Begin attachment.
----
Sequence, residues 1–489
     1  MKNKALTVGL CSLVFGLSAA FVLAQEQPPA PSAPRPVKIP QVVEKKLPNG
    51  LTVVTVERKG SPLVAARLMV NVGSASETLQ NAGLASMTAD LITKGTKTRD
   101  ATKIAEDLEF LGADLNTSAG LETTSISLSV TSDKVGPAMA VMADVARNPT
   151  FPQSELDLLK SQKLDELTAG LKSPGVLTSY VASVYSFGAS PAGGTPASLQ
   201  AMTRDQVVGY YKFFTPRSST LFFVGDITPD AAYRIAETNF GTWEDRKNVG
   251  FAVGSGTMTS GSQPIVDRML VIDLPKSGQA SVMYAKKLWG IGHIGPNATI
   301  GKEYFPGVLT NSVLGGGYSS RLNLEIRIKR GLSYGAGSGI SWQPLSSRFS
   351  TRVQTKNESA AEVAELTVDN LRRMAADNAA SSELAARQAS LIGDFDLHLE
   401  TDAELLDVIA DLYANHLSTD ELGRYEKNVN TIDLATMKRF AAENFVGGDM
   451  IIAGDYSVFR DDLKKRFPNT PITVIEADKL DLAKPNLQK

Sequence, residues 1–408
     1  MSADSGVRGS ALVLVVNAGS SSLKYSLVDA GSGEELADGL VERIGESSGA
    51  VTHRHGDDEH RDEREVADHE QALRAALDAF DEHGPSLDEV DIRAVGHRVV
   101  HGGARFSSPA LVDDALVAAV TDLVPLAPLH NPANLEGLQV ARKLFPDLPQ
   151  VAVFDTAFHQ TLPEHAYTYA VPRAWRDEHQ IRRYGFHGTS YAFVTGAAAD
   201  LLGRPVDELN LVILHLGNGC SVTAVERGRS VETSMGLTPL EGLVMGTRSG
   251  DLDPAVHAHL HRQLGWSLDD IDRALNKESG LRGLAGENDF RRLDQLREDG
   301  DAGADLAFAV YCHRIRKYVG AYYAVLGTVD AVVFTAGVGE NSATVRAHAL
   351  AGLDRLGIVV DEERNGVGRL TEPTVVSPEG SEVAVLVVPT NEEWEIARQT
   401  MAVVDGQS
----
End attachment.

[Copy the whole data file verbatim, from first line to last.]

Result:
Sequence, residues 1–489
     1  MKNKALTVGL CSLVFGLSAA FVLAQEQPPA PSAPRPVKIP QVVEKKLPNG
    51  LTVVTVERKG SPLVAARLMV NVGSASETLQ NAGLASMTAD LITKGTKTRD
   101  ATKIAEDLEF LGADLNTSAG LETTSISLSV TSDKVGPAMA VMADVARNPT
   151  FPQSELDLLK SQKLDELTAG LKSPGVLTSY VASVYSFGAS PAGGTPASLQ
   201  AMTRDQVVGY YKFFTPRSST LFFVGDITPD AAYRIAETNF GTWEDRKNVG
   251  FAVGSGTMTS GSQPIVDRML VIDLPKSGQA SVMYAKKLWG IGHIGPNATI
   301  GKEYFPGVLT NSVLGGGYSS RLNLEIRIKR GLSYGAGSGI SWQPLSSRFS
   351  TRVQTKNESA AEVAELTVDN LRRMAADNAA SSELAARQAS LIGDFDLHLE
   401  TDAELLDVIA DLYANHLSTD ELGRYEKNVN TIDLATMKRF AAENFVGGDM
   451  IIAGDYSVFR DDLKKRFPNT PITVIEADKL DLAKPNLQK

Sequence, residues 1–408
     1  MSADSGVRGS ALVLVVNAGS SSLKYSLVDA GSGEELADGL VERIGESSGA
    51  VTHRHGDDEH RDEREVADHE QALRAALDAF DEHGPSLDEV DIRAVGHRVV
   101  HGGARFSSPA LVDDALVAAV TDLVPLAPLH NPANLEGLQV ARKLFPDLPQ
   151  VAVFDTAFHQ TLPEHAYTYA VPRAWRDEHQ IRRYGFHGTS YAFVTGAAAD
   201  LLGRPVDELN LVILHLGNGC SVTAVERGRS VETSMGLTPL EGLVMGTRSG
   251  DLDPAVHAHL HRQLGWSLDD IDRALNKESG LRGLAGENDF RRLDQLREDG
   301  DAGADLAFAV YCHRIRKYVG AYYAVLGTVD AVVFTAGVGE NSATVRAHAL
   351  AGLDRLGIVV DEERNGVGRL TEPTVVSPEG SEVAVLVVPT NEEWEIARQT
   401  MAVVDGQS